Tracks 5-7 are performed by Patrick Bonner from Beaver Island - an area apparantly at this time still with strong Irish connections, particular Donegal. Here the playing, such as on Track 5, Wind that Shook the Barley, again has a particular Irish feel, harking back to the earlier less smooth styles found in recordings of some older Irish fiddlers, again particularly from Donegal. Here though, and in the other tracks by Bonner, more of what are now thought of as American stylistic playing can be detected as well; but as mentioned in the notes it is difficult to make generalisations about the origin of various styles, especially given what is now more widely known about the styles of Irish playing in the 19th and early 20th century compared to the more widespread fast and fluid style generally found to-day.
Track 6 is a version of the ubiqituous Fisher’s Hornpipe, perhaps played at a speed testing the player’s technique - in the notes there is an interesting discussion on the way hornpipe tunes in America have tended to speed up since the demise of the hornpipe as a popular dance in America, with the tendency having been to bring them into the general breakdown repertoire. This, and the subsequent challenge to the player’s technique, is also demonstrated in track 20, Rickett’s Hornpipe.
The version of this latter, played by Luther Strong is rather different from the versions known in the English repertoire. The notes give an interesting history of the tune, and how it came to be known by this particular name, amongst the others it is known by. Again, there are a number of other tunes on this recording with familiar names attached to unfamiliar (to my ears) versions.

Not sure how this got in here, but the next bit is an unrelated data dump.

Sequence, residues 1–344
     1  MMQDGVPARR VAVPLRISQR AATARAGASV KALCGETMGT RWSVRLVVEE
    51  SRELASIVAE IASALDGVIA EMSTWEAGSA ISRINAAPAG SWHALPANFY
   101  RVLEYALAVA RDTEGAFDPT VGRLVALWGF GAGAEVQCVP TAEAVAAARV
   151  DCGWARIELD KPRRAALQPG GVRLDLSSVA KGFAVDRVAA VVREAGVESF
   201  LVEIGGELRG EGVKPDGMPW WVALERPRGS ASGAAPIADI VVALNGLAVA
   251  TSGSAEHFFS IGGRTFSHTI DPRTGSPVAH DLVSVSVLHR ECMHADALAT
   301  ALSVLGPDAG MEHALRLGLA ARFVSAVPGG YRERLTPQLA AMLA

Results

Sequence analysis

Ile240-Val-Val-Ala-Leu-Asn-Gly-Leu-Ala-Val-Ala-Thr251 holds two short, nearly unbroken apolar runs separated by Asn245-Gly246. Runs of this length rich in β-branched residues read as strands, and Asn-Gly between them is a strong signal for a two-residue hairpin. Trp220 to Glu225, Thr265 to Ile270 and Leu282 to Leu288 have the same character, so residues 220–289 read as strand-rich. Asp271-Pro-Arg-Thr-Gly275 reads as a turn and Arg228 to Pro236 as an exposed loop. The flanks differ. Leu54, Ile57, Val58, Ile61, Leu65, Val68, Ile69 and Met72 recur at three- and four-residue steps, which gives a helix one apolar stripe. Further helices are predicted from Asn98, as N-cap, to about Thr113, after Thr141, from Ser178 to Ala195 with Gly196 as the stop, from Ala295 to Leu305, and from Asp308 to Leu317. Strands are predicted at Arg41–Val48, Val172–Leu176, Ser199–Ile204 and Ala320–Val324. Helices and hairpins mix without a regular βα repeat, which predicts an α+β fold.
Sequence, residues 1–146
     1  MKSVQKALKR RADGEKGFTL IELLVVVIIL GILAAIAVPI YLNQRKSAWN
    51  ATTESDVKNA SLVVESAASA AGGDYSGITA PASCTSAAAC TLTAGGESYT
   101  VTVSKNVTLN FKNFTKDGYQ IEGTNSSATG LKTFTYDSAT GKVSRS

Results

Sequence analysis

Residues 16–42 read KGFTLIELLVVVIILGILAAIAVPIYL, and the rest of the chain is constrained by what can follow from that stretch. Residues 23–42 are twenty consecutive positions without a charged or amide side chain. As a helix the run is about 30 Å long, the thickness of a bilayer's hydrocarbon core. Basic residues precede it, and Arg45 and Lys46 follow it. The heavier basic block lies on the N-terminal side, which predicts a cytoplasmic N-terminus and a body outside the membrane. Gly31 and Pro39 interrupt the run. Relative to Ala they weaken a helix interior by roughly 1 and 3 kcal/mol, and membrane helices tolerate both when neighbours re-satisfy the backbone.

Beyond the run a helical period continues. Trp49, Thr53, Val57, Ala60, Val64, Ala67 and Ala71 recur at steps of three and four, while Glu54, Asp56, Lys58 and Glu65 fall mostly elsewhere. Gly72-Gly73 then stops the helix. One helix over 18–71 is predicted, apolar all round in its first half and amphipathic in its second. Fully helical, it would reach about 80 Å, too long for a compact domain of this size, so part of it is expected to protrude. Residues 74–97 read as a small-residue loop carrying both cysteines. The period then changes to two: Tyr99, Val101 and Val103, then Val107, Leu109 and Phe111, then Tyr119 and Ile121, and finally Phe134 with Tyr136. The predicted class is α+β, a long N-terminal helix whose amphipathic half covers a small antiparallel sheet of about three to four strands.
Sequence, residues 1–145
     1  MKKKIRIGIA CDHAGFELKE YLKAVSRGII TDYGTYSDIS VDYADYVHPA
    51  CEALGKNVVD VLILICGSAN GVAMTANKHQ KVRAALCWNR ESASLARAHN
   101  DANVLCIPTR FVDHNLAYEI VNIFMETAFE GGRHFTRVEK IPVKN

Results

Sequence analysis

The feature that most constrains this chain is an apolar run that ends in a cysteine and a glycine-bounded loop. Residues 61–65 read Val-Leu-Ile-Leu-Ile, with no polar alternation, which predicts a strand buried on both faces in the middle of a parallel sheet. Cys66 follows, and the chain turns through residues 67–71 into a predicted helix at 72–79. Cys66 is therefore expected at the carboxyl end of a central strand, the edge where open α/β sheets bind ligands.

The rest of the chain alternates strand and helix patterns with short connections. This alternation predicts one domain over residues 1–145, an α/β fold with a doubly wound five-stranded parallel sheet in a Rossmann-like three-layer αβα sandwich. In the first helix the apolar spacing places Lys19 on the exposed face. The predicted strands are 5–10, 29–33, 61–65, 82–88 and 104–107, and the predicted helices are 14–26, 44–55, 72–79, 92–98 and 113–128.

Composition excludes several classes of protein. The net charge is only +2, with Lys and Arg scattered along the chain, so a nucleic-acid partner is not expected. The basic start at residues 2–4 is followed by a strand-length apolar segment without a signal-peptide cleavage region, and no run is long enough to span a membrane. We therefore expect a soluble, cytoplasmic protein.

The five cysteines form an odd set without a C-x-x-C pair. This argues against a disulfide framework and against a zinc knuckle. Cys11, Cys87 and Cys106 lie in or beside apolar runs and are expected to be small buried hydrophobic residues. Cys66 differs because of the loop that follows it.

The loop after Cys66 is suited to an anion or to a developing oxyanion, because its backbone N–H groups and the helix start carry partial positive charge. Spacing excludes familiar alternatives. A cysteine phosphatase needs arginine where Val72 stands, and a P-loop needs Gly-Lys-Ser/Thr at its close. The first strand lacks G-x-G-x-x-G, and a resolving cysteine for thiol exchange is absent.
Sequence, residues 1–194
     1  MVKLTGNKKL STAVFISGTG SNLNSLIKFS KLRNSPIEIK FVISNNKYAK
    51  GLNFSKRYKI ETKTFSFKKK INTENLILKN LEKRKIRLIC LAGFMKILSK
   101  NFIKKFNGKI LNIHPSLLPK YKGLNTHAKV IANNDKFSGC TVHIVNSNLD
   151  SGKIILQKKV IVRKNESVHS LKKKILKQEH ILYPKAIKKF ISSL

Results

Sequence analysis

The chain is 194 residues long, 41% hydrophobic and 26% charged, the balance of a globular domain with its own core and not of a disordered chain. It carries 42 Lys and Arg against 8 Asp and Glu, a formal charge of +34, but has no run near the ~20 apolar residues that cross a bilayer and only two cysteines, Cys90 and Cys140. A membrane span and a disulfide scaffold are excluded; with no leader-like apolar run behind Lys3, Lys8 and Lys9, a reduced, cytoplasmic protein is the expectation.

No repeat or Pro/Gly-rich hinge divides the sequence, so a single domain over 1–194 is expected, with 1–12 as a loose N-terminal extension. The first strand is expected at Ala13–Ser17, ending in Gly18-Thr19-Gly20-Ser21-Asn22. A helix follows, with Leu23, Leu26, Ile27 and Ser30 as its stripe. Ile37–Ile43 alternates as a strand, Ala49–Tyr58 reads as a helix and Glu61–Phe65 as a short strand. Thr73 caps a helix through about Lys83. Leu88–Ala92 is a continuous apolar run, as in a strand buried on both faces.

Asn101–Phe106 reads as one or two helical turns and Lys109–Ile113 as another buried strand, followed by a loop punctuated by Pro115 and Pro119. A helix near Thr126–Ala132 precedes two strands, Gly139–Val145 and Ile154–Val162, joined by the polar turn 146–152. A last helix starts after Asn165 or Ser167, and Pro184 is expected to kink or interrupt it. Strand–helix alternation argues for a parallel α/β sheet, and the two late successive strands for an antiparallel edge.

Tracks 9 and 10, played by Mrs Ben Scott on fiddle and Myrtle B Wilkinson on banjo, demonstrate the similarity of repertoire, and to some extent style, with, in this case Scottish origins, although track 9, Haste to the Wedding, makes more use of double stringing than might be found in Scottish versions. It is interesting to compare this with Track 22, another version of Haste to the Wedding, played by a Mississippi fiddler, Stephen Tucker. Track 10, Perry’s Victory is a rather fine tune, new to me, played in a similar sawing style. Both these are lively driving tunes, especially with the fiddle style and the banjo accompaniment.
As mentioned above, whilst the recordings from the North, Mid-West and West show more clearly some of the characteristics of the Old World styles, whilst still having an American style feel to many of them, the recordings from the South generally more a reflection of the accepted American style, starting off with the well-known Bonaparte’s Retreat, Track 14, with a rather fine performance, in which the performer W H Stepp has re-tuned the G string to give a drone D and the E string also tuned down to D.
Track 15, The Drunken Hiccups, again performed by W H Stepp, demonstrates the use of double stopping and is also a showpiece tune with left-hand pizzicato. To give the exception to my earlier assertion of the Southern selection perhaps being more typically American in feel, this track has strong echoes of Shetland playing.
Track 16, Run Nigger Run and 17, The Ways of the World, again played by W H Stepp are much more in the accepted American reel style, particular with the speed and the tune shapes, whilst Track 19, The Hog-Eyed Man, Track 24, Grub Strings, and Track 25, Old Joe Clark, demonstrate the modality again particular associated with some types of American tunes, particularly from the South.
In summary, this is generally a fine recording and collection of American fiddle tunes, with many interesting and thought-provoking notes. By the nature of the beast it is perhaps not a recording one would play repeatedly unless one were studying the tunes and/or style, but it does certainly repay some listening.
Whilst acknowledging the reason for not revising the notes, it would have been interesting to have had an update section to the booklet, particularly given the time lapse of nearly 30 years since the original release and the work that has been carried out since into researching older American and Old World fiddle styles and repertoire.
As it aimed to do, this CD demonstrates some of the wide variety of styles and tunes found in the American repertoire of the 1930s and 1940s with some fine versions of familiar and some (to me) less familiar tunes and would I think be worthy of attention by anyone interested in the development of American fiddle styles and may, it is to be hoped, encourage the continued development of a similar wide range of American styles and tunes to-day.
Taz Tarry - 18.9.00